Three weeks ago, on a mild January evening in Nashville, Gov. Bill Haslam gave his third State of the State address at the Capitol. The speech was his longest to date—over 40 minutes—and several pundits also called it his best. But amid the talk of the economy and jobs, technology and health care, one topic overshadowed all the rest: education.
Haslam spent a good third of his speech talking about education—14 minutes, in one reporter’s estimate. “Some have said that this administration and General Assembly aren’t committed to public education, but that could not be further from the truth,” Haslam said, before announcing $51 million in new funding for technology in public schools, and a $22 million new high school for the Tennessee School for the Deaf in Island Home, along with a few other projects.
Then came the news everyone had been expecting.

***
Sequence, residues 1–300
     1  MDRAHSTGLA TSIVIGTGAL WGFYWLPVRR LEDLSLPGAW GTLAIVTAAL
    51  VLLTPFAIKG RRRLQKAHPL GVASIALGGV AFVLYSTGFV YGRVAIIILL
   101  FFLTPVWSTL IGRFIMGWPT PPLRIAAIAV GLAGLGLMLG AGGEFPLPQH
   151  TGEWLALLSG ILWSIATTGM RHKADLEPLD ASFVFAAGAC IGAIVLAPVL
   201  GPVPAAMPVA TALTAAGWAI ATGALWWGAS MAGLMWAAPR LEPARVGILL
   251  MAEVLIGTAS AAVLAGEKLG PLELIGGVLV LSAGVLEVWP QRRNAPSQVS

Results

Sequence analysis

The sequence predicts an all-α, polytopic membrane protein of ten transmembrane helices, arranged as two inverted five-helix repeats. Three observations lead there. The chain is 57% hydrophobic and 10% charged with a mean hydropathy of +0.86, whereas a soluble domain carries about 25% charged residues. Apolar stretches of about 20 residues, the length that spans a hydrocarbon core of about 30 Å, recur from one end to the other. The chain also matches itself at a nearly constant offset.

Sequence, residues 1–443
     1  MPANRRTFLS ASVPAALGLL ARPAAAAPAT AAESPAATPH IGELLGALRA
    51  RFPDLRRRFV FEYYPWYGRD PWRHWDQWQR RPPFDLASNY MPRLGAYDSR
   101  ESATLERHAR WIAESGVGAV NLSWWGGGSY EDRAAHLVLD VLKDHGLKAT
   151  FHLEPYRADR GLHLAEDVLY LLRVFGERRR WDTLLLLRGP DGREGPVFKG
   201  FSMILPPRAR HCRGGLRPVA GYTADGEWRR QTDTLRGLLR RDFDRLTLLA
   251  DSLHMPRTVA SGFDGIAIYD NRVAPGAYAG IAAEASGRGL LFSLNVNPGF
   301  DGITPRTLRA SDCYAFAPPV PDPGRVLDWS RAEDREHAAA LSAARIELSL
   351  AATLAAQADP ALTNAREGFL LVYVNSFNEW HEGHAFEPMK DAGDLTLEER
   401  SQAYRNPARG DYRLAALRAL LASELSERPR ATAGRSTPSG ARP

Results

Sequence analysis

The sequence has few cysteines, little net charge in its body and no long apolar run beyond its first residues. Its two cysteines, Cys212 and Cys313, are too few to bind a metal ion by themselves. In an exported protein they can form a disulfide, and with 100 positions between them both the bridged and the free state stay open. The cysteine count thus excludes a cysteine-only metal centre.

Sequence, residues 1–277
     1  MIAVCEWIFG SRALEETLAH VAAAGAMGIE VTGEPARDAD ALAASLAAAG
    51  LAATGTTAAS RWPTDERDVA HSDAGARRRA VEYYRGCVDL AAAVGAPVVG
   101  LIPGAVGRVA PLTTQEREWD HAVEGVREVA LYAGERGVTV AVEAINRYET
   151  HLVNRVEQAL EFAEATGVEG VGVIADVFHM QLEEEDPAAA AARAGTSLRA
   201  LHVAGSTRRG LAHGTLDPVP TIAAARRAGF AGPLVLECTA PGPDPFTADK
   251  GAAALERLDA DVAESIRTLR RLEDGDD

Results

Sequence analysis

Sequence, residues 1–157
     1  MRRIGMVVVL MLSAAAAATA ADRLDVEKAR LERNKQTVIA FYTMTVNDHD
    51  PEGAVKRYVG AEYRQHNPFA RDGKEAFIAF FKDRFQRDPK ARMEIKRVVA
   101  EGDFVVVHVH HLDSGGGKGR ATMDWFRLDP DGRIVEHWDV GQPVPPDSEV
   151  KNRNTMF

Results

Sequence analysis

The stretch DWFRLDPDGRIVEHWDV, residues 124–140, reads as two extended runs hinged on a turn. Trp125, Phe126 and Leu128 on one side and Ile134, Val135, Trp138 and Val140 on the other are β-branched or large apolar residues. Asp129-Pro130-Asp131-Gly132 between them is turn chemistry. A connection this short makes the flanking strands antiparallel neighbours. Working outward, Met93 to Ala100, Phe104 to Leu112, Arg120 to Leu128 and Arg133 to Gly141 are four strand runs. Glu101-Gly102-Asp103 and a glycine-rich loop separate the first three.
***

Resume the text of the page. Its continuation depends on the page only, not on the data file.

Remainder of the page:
“Along with strategic investments, we’re pursuing real reform in education that is producing results,” Haslam said. “This year we’re proposing to offer another option for school choice through a program to allow low-income students in our lowest performing schools a chance to receive a better education. …
“I expect this proposal will be hotly debated, but after taking a careful look at the issue and how a program might work in Tennessee, I believe a limited approach that gives more choice to parents and students stuck in difficult situations makes a lot of sense. If we can help our lowest-income students in our lowest-performing schools, why wouldn’t we?”